THE TRANSITION from cabinets led by elder statesmen or their protégés to cabinets formed by party leaders brought neither political stability nor a lessening of political bribery. Indeed, during the era of party government, politicians engaged in an orgy of mutual vilification, with opposition politicians who schemed to destroy a cabinet trying to discredit cabinet officers and their Diet supporters by charging them with indictable offenses. This excessive spirit of partisan competitiveness reinforced a public perception that the parties were corrupt.1 One newspaper editorialized, "In Japan the political parties are hostile groups, and they make it their first business to injure the interests of each other. They do not concern themselves much about the announcement of their respective policies for the interest of the nation. . . . Their antagonism often goes to the extremity of endangering the general tranquillity, causing serious fear and apprehension of thinking men."2 Among those watching the political battles of the era were conservative bureaucrats some of whom despised party politicians and were eager to discredit them. Bribery charges were a favorite method to accomplish this end.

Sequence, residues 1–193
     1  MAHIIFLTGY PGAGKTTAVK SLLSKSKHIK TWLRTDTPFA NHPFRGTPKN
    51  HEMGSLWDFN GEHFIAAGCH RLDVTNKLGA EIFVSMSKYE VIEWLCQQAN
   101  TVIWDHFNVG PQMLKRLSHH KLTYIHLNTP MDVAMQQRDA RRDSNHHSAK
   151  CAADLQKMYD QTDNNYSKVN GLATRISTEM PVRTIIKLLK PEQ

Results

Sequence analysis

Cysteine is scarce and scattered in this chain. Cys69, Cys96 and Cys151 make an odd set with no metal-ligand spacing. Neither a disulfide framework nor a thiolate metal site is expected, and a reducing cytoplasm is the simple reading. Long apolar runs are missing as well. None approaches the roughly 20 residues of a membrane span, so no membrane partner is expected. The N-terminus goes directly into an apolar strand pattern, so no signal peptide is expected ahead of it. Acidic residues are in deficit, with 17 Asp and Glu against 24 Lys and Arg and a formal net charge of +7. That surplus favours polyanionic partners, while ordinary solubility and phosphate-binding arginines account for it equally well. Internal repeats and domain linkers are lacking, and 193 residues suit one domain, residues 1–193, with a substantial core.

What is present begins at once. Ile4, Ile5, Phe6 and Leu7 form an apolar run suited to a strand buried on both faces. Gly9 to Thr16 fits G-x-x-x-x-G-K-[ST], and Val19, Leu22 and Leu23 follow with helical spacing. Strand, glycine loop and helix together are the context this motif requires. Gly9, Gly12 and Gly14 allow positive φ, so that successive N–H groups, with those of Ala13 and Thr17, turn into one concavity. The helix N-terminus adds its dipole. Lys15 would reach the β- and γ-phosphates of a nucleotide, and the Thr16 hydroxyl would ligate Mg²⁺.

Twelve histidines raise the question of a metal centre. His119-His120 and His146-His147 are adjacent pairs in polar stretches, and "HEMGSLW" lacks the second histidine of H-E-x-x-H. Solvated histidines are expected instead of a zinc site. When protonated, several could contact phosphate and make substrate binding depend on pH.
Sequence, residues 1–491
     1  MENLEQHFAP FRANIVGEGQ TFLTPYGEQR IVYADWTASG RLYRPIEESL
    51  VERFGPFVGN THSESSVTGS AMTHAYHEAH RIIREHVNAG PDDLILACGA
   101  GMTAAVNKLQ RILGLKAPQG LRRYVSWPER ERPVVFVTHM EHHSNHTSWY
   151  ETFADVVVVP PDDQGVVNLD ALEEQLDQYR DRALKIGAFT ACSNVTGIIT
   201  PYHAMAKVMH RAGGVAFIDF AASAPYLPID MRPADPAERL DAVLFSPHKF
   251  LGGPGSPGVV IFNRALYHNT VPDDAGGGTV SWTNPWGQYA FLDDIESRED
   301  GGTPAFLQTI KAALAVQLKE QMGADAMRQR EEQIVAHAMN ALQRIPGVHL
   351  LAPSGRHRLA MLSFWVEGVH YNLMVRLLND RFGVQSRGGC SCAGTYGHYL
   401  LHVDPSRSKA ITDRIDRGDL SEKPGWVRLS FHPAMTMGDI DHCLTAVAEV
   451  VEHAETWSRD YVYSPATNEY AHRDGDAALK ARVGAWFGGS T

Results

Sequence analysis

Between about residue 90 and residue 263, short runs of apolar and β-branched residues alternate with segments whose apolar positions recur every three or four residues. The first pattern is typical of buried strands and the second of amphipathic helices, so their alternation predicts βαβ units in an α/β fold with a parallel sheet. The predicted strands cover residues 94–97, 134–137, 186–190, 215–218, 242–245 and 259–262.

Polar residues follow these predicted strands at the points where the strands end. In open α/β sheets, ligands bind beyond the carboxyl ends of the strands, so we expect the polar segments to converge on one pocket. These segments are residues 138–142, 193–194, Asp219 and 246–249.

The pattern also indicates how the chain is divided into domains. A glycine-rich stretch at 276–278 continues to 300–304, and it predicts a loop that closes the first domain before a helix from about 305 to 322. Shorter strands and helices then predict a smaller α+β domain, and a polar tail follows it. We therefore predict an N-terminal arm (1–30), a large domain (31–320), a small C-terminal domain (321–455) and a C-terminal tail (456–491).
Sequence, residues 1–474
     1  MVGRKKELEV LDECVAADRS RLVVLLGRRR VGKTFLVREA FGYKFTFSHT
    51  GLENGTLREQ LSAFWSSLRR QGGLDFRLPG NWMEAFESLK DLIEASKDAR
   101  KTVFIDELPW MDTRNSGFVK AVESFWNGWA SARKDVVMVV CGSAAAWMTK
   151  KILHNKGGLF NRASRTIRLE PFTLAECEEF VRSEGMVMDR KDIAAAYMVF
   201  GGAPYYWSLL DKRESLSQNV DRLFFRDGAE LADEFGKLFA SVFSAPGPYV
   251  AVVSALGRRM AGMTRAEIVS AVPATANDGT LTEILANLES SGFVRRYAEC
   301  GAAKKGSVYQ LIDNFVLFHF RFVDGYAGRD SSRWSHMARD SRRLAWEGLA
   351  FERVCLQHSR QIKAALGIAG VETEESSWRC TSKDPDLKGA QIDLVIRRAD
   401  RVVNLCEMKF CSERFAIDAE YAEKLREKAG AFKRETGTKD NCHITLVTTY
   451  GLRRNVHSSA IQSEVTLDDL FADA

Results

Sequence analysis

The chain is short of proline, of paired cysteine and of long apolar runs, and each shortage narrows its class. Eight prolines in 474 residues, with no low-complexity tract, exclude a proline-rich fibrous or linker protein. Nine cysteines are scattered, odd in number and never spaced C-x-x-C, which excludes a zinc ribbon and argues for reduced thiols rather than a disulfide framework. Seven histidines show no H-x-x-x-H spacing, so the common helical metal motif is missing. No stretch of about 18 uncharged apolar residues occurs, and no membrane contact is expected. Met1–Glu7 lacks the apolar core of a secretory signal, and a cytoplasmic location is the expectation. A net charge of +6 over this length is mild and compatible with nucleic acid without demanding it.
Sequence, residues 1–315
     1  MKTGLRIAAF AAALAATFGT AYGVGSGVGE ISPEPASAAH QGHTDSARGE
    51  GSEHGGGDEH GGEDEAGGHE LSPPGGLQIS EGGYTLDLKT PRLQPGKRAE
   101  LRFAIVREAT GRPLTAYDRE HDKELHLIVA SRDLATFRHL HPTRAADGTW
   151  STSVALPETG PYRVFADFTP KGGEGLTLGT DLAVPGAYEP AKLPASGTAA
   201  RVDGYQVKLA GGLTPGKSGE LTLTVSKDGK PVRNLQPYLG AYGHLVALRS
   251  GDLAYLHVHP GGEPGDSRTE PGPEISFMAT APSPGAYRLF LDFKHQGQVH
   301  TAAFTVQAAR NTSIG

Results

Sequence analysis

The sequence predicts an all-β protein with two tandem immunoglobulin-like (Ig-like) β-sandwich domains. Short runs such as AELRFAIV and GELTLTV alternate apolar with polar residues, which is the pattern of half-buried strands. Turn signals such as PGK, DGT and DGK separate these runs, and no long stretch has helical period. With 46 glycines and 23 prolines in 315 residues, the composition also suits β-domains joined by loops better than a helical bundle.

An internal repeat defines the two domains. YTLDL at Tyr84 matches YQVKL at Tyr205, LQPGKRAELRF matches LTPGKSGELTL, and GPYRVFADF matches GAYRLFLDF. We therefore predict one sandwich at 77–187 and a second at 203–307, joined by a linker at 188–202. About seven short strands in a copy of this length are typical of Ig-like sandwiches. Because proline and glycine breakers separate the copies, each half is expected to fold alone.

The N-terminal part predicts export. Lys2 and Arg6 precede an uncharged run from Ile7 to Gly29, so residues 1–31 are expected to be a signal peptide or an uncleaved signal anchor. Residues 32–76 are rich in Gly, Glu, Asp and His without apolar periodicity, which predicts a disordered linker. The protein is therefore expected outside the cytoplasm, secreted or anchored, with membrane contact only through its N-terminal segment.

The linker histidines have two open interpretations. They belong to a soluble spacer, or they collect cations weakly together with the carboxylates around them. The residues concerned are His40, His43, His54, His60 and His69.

With the establishment of the Hara cabinet ( September 1918- November 1921), for the first time a prime minister held a seat in the House of Representatives. Also, for the first time all cabinet officers, except for the service ministers, were members of the majority Seiyūkai. Prime Minister Hara was a master of politics who knew how to acquire influence and operate the political system.3 As part of a campaign to secure and maintain Seiyūkai dominance, Hara began a massive railway-building program together with an expansion of public works projects. These programs were tied to the party's porkbarrel politics. Moreover, Hara opened a number of higher bureaucratic posts to patronage and established a working arrangement with the largest political clique in the House of Peers.4